Jetstar Hong Kong will have until September to decide if it will challenge the Hong Kong government’s decision to deny it an air operator’s certificate.
The proposed low-cost carrier, a joint-venture between Qantas, China Eastern and Shun Tak Holdings, was left with an uncertain future in June when the Hong Kong Air Transport Licensing Authority (ATLA) ruled it did not meet the territory’s principal place of business test.
Jetstar group chief executive Jayne Hrdlicka says the Jetstar Hong Kong board was currently looking all available options in response to the ATLA’s decision.
“The Jetstar Hong Kong board has not made any decision on what it will do,” Hrdlicka told delegates at the CAPA – Centre for Aviation Australia Pacific Aviation Summit in Sydney on Wednesday.
“It has a number of different options and it is going through those options as you would imagine quite diligently.
“We have got I think until the third week in September to decide what we want to do and the board will make its announcement once the decision has been made.”
In its June decision, the ATLA said Jetstar Hong Kong did not meet the legal requirement of Hong Kong being the planned low cost carrier’s principal place of business as “JHK [Jetstar Hong Kong] cannot make its decisions independently from that of the two foreign shareholders.”
Officially, the parties have said the decision is under review. However, analysts say there is unlikely to be any way back for the proposed franchise.
Hrdlicka said the decision was “devastating” and a “tragedy” for the people of Hong Kong, given it denied them choice.
“The thing that is so devastating about Hong Kong is it was needless,” Hrdlicka said.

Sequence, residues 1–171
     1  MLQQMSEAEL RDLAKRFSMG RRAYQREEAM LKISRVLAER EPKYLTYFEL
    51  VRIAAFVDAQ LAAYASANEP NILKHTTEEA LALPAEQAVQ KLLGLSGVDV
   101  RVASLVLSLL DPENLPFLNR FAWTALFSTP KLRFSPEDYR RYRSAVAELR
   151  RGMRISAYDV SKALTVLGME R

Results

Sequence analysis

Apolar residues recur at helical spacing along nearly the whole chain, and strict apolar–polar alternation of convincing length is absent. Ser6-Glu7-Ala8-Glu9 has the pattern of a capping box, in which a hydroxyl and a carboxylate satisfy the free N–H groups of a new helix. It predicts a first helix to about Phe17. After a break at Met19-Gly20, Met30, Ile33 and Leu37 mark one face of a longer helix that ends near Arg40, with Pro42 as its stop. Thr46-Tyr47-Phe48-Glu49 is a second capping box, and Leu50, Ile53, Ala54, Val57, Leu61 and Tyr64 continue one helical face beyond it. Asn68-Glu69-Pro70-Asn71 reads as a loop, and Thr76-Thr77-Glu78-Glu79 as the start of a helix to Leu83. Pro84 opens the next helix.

“The incumbents should have looked at – and I know they did – the circumstances in all markets where low fares have been developed thoughtfully, because it has grown the pie for everybody.”
Meanwhile, Hrdlicka said the Australian domestic leisure market was currently doing “OK”, describing it as “not the best we have ever seen but also not the worst we have ever seen”.
“We would hope to see a steady demand improvement over the course of the next one or two years,” Hrdlicka said.
And the Jetstar group chief executive said Jetstar has benefitted from Virgin’s move upmarket in recent times.
This was based on Jetstar’s revenue per available seat kilometre (RASK) figures on its off-peak flights from the past nine months, which Hrdlicka said had been “higher than they have ever been before”.
“When Virgin moved to create a bundled price that competes with Qantas . . . that move pushed customers out of Virgin to Jetstar because Virgin just became too expensive,” Hrdlicka said.
“Core, passionate, loyal Virgin customers have been abandoned in Virgin’s move to be a more premium, carrier in the marketplace and you can see it in our numbers.”
Virgin has reported a full year net loss of $93.8 million for 2014/15, while Tigerair Australia posted an underlying loss before tax of $9.8 million for the three months to June 30.
By contrast, Qantas was expected to post net profit for 2014/15 in the vicinity of $600 million, according to market estimates, when it hands down its full year financial results on August 20.
Virgin was due to release more financial figures at its full year results presentation on August 7.